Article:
"The US Food and Drug Administration (FDA) has approved a quarterly injection form of paliperidone (Invega Trinza, Janssen Pharmaceuticals) for schizophrenia, the company announced today.
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Thorazine Patient Information including If I Miss a Dose
In this Article
- What is chlorpromazine (Thorazine)?
- What are the possible side effects of chlorpromazine (Thorazine)?
- What is the most important information I should know about chlorpromazine (Thorazine)?
- What should I discuss with my healthcare provider before taking chlorpromazine (Thorazine)?
- How should I take chlorpromazine (Thorazine)?
- What happens if I miss a dose (Thorazine)?
- What happens if I overdose (Thorazine)?
- What should I avoid while taking chlorpromazine (Thorazine)?
- What other drugs will affect chlorpromazine (Thorazine)?
- Where can I get more information?
What happens if I miss a dose (Thorazine)?
Take the missed dose as soon as you remember. Skip the missed dose if it is almost time for your next scheduled dose. Do not take extra medicine to make up the missed dose.
What happens if I overdose (Thorazine)?
Seek emergency medical attention or call the Poison Help line at 1-800-222-1222.
Overdose symptoms may include dry mouth, constipation, bloating or stomach cramps, feeling restless or agitated, fever, seizure, muscle stiffness, jerky muscle movements, changes in heart rate, extreme drowsiness, and fainting.
What should I avoid while taking chlorpromazine (Thorazine)?
Chlorpromazine may impair your thinking or reactions. Be careful if you drive or do anything that requires you to be alert. Avoid getting up too fast from a sitting or lying position, or you may feel dizzy. Get up slowly and steady yourself to prevent a fall.
Avoid drinking alcohol. It can increase some of the side effects of chlorpromazine.
Avoid exposure to sunlight or tanning beds. Chlorpromazine can make you sunburn more easily. Wear protective clothing and use sunscreen (SPF 30 or higher) when you are outdoors.
What other drugs will affect chlorpromazine (Thorazine)?
Cold or allergy medicine, sedatives, narcotic pain medicine, sleeping pills, muscle relaxers, and medicine for seizures, depression or anxiety can interact with chlorpromazine and cause medical problems or increase side effects. Tell your doctor if you regularly use any of these medicines, or any other anti-psychotic medications.
Tell your doctor about all other medicines you use, especially:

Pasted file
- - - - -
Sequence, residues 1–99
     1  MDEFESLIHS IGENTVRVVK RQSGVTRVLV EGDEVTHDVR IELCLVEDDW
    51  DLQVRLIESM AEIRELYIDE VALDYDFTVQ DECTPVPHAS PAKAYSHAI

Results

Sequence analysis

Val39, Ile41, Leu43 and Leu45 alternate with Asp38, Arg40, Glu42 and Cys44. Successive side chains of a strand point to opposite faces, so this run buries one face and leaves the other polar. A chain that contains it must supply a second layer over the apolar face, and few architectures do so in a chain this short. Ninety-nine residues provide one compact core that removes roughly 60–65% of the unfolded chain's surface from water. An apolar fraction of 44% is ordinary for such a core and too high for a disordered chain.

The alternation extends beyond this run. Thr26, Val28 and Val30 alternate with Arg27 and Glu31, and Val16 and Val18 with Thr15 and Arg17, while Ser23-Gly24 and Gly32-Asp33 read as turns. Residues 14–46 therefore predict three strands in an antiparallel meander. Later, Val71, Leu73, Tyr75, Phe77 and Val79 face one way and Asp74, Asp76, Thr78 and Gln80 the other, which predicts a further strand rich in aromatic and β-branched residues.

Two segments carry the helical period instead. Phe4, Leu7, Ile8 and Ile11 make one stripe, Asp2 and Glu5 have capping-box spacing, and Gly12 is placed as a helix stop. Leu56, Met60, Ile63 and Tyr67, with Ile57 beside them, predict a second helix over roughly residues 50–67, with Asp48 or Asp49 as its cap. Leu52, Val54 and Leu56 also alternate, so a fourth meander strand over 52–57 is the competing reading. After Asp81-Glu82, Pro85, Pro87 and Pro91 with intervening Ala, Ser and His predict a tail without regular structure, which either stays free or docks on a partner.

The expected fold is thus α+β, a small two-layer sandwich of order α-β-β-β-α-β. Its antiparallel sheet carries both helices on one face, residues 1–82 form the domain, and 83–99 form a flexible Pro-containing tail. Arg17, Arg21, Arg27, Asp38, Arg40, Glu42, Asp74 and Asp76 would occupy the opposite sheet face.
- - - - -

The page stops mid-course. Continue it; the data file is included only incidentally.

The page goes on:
- atropine (Atreza, Sal-Tropine);
- lithium (Eskalith, Lithobid);
- phenytoin (Dilantin);
- an antibiotic;
- birth control pills or hormone replacement estrogens;
- blood pressure medication;
- a blood thinner such as warfarin (Coumadin, Jantoven);
- certain asthma medications or bronchodilators;
- incontinence medications;
- insulin or diabetes medications you take by mouth;
- medication for nausea, vomiting, or motion sickness;
- medications to treat or prevent malaria;
- medications used for general anesthesia;
- medicines used to prevent organ transplant rejection;
- numbing medicine such as lidocaine or Novocain;
- a stimulant or ADHD medication;
- ulcer or irritable bowel medications; or
- medicines to treat Parkinson's disease, restless leg syndrome, or pituitary gland tumor (prolactinoma).
This list is not complete and there are many other medicines that can interact with chlorpromazine. Tell your doctor about all medications you use. This includes prescription, over-the-counter, vitamin, and herbal products. Do not start a new medication without telling your doctor. Keep a list of all your medicines and show it to any healthcare provider who treats you.
Where can I get more information?
Your pharmacist can provide more information about chlorpromazine.
Remember, keep this and all other medicines out of the reach of children, never share your medicines with others, and use this medication only for the indication prescribed.
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Additional Thorazine Information
- Thorazine Drug Interactions Center: chlorpromazine oral
- Thorazine Side Effects Center
- Thorazine FDA Approved Prescribing Information including Dosage
Report Problems to the Food and Drug Administration
You are encouraged to report negative side effects of prescription drugs to the FDA. Visit the FDA MedWatch website or call 1-800-FDA-1088.
Get tips on therapy and treatment.